EVEN BEFORE the G7 summit started this week in Cornwall, Joe Biden was expected to lecture Boris Johnson on the ‘peace process’ in Ulster, and so it has come to pass. The US President claims that the Prime Minister must implement the Northern Ireland Protocol in full, in order to ‘protect’ the Good Friday Agreement.
When the Irish Sea border was implemented, in part, in January 2021, it disrupted business and slashed choice for consumers immediately. Its effects have been mitigated only because the government unilaterally extended ‘grace periods’ so that supermarkets could continue to ship food to the province without expensive vets’ certificates and checks. There are similar temporary dispensations for parcels, medicines and ‘pet passports’.
From this Autumn, though, pet owners will need to have their animals inspected by vets if they wish to take them to the rest of the UK. And, from the end of this month, the EU insists chilled meats must be banned from moving from England, Scotland or Wales to Northern Ireland, otherwise the Commission’s vice-president, Maros Šefčovič, says Brussels will punish Britain, “swiftly, firmly and resolutely”.
The economic impact of this bullying behaviour is appalling, but as the leader of the Traditional Unionist Voice (TUV) party, Jim Allister, explained on the latest episode of the PoliticalOD podcast, the protocol’s constitutional consequences are equally worrying. The Irish Sea border is quite specifically intended to realign Northern Ireland’s economy with that of the Irish republic and dilute British power and influence in the province.
If Biden genuinely thinks that the ‘peace process’ is secured by emptying supermarket shelves, punishing pet owners and depriving patients of cancer drugs it is deeply troubling to the point of being surreal. Such a warped view could only be connected to the fact that the President is notoriously proud of his Irish nationalist ancestry. He’s prone to bloviating about poets like Yeats and Seamus Heaney and making wisecracks about not allowing people to wear orange in the White House.
Brussels argued for the Protocol by claiming it was needed to protect its single market from goods that were ‘at risk’ of entering the EU. The joint committee set up to implement the arrangements was supposed to exempt product categories from ‘at risk’ status, so that Northern Ireland could continue to enjoy unfettered access to the UK’s internal market. Predictably, though, Brussels refused to take a realistic approach to this task and instead used the Protocol to try to force the UK into ‘dynamic alignment’ with its agriculture rules.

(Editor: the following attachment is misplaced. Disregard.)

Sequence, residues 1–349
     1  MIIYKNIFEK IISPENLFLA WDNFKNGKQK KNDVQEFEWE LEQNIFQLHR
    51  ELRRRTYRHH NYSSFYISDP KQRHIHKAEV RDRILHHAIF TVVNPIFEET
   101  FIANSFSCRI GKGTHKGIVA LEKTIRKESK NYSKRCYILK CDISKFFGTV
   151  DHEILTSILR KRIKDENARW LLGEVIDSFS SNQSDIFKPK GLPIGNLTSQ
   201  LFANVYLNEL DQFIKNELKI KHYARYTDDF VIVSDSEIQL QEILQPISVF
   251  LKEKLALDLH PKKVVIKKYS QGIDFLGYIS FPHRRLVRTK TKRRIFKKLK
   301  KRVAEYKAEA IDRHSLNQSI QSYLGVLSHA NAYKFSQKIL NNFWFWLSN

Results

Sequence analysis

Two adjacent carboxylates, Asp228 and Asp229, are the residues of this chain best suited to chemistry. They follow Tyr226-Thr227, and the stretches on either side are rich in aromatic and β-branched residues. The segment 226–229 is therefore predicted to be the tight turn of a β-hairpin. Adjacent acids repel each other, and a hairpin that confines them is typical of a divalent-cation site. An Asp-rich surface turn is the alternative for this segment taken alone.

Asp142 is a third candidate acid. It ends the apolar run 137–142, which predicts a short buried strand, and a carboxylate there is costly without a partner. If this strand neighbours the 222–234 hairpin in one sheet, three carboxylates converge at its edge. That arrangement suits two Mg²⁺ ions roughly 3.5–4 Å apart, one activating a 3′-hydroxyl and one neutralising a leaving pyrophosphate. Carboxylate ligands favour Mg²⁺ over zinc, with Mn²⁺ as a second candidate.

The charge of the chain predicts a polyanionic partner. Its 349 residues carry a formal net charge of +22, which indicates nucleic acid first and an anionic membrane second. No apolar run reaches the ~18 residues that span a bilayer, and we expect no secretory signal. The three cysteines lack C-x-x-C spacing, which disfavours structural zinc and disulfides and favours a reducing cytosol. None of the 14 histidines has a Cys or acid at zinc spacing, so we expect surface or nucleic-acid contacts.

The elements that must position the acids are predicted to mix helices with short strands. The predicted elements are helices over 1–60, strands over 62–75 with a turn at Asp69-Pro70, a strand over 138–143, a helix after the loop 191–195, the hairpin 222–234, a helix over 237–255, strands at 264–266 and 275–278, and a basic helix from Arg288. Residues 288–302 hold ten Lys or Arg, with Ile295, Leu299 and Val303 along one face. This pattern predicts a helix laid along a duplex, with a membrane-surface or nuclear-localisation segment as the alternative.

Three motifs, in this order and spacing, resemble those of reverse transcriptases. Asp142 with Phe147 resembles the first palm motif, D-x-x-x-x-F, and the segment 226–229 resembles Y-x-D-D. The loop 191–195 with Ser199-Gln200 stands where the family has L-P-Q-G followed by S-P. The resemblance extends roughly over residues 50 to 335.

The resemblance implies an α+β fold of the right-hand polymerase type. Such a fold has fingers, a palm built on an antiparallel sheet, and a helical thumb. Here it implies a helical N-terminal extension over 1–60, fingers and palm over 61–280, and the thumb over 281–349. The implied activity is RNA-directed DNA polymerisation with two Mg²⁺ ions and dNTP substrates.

There are already more checks on goods moving between Great Britain and Northern Ireland, two parts of the same country in case anybody had forgotten, than at any external EU border. Yet, the likes of Simon Coveney (the Irish foreign minister), Šefčovič and now Biden heap abuse on Britain for not rushing to implement an even harsher regime.
The US President seems to accept Brussels’ propaganda unquestioningly and, like many Americans before him, sees Northern Ireland exclusively through an Irish nationalist lens. That may explain why, at the weekend, the Northern Ireland Secretary Brandon Lewis appointed Trevor Ringland, the former Ireland and British and Irish Lions rugby player, as the UK’s special envoy to the United States on Northern Ireland.
This appointment immediately drew complaints from Sinn Fein’s northern leader, Michelle O’Neill, who described it as “arrogant and disrespectful”. Like the SNP, republicans are past masters at creating new grievances. And it’s easy to see why they would be worried by Northern Ireland having an articulate and persuasive advocate in the US.
Trevor’s sporting past ensures he commands respect across the island of Ireland and he’s used his influence to promote reconciliation and oppose sectarianism, as well as defending the Union articulately. He’s spoken already about “challenging some of the simplistic (American) views on Northern Ireland”. “There are a variety of views but some are based on the ‘it is an occupied island’ mentality. It’s for me to say: look it is not like that at all. People here choose to live in the UK and there are many benefits to that. But we also realise we’re part of the island of Ireland.”
The Irish American lobby’s influence will not be dislodged quickly or easily. Many of the ‘simplistic views’ that Trevor references are deeply ingrained. However, Northern Ireland needs advocates in the US who promote it as it really is; a region of the UK whose status reflects the will of its people. There will always be plenty of voices that spread the nationalist fantasy of a ‘fourth green field’, destined to form part of a single Irish nation if only it could finally rid itself of the invidious ‘Brits’.
Earlier this week, The Atlantic reported that Boris Johnson doesn’t like to talk about a ‘special relationship’ between the UK and the US, because it makes Britain appear needy. He should keep that thought prominently in his mind, if Joe Biden tries to reprimand him for failing to implement aspects of the Northern Ireland Protocol.
Not for one instant would an American President consider restricting the supply of food to part of his own country at the command of a foreign power.
Photo courtesy of US Embassy in Ireland.